Welcome to my zone 9a habitat garden near Houston, Texas.

Wednesday, June 23, 2010

Have you hugged a pollinator today?

Do you enjoy eating? Then, thank a pollinator, because without these hard-working animals your choice of fare would be extremely limited. They pollinate over 75% of our flowering plants and nearly 75% of our food crops. They count among their number such animals as hummingbirds, bats, bees, beetles, butterflies, and flies. They carry pollen from one plant to another as they collect nectar. Thus, they ensure that the links of the food chain are not broken and that we and all the animals that depend on vegetation for sustenance do not starve.

Secretary of Agriculture Tom Vilsak has signed a proclamation designating the last full week in June as National Pollinator Week in order to draw attention to the important role that these critters play in our lives. Many state governors, including Texas' governor, signed similar proclamations, and the week is being celebrated not only in the United States but right around the world. That's as it should be, for where would we be without these guys? Hungrier, that's for sure.

Let's take a look at some of the pollinators that do the essential work of moving pollen around and ensuring the production of food.

Let's start with one that is not so cute or cuddly. Bats get a bad press among many people and yet they are VIPs - very important pollinators - in many parts of the world. Many species of bats visit flowers in darkness to lap at the nectar and eat the protein-rich pollen. Most of these species live in the tropics or subtropics, some of them in areas that are extremely food-challenged, and so their activities are very important. Bats in temperate North America, such as the Little Brown Bat in the picture, are exclusively insectivorous; thus, although they don't help pollinate our plants, they do play an important part in ridding us of harmful flying insects such as mosquitoes.

This may be our most endangered pollinator - the honeybee. The still unexplained colony collapse disorder, pesticides, and mites have destroyed large segments of the honeybee population in this and other countries. This is a serious problem because many food crops are dependent upon this pollinator. Some, like almonds, are totally dependent upon them and could not survive without them. Without the workaholic honeybee, it could indeed become a hungrier world.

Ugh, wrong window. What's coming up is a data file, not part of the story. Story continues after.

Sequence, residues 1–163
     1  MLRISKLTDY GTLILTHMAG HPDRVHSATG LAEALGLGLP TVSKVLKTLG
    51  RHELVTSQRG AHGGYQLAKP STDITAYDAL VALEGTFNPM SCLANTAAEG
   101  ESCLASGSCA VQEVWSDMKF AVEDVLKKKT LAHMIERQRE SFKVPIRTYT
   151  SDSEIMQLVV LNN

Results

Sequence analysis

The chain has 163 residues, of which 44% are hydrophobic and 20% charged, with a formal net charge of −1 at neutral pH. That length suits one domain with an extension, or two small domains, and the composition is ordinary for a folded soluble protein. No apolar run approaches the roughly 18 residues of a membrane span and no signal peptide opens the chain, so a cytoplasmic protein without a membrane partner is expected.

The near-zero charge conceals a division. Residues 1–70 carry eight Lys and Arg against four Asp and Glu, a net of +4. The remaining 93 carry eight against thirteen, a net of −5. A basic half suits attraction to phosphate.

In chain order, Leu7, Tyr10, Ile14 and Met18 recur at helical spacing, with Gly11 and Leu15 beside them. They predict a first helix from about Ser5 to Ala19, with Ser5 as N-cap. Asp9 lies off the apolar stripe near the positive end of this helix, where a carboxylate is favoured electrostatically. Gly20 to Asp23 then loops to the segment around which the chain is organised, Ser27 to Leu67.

But even if all the honeybees disappeared, we would still have bees assisting in pollinating our plants. Our native bees - the honeybee, after all, is an immigrant - are among the hardest-working and most efficient of all pollinators. Bees like the bumblebee, pictured above, as well as the mason bee, sweat bee, carpenter bee and many others play a large role in getting the food to our table and they deserve our protection. Probably the most important step that we can take to protect them as well as other pollinators is to forgo the use of pesticides in our gardens.

We don't often think of flies as pollinators, but, in fact, they as well as many members of the beetle family do act as pollinators. There is an ick factor related to flies, but many of them are colorful and really quite beautiful.

There is, of course, no more beautiful or colorful group of pollinators than the butterflies, represented by this Spicebush Swallowtail. Neither is there any group of pollinators that is more beloved and more welcome in the garden. Just remember: They are insects and insects are killed by pesticides. If you want lots of these pollinators in your garden, don't use pesticides.

There's only one creature that can challenge the butterfly for the affections of gardeners everywhere and that, of course, is the hummingbird. We love to welcome these flying jewels to our yards.

As National Pollinator Week winds down, give some thought to the pollinators that visit your yard and plan how you will help them. Here are three simple suggestions:

1. Plant a pollinator garden. Consider the pollinators you want to attract and plant the plants that they need. A little research will show you what they are. In the case of butterflies, this will include both nectar plants for the adults and host plants for their caterpillars.

2. Build and hang a bee box. There are commercial nest boxes available for mason bees but you can construct a simple one using something like tubes of bamboo. These bees will utilize almost any kind of tube in which to lay their eggs.

3. Avoid or limit pesticide use. This is the most important one of all.

For those of us who like to eat, there are no more important critters than these. Let us all acknowledge that importance by supporting our local pollinators.


  1. Great hummer photo. And great post, all true. We need to sustain the insect population as part of the ecosystem.

    Last year was awful here for the pollinators because of the drought. Wasps and bees sipped from our birdbaths and plant saucers.

    Our gardens are mostly native but I try for something blooming year-round. The lavender and rosemary bloomed all winter and we had butterflies and bees out on warm days.

  2. I'll bet all the pollinators absolutely love your garden, Kathleen!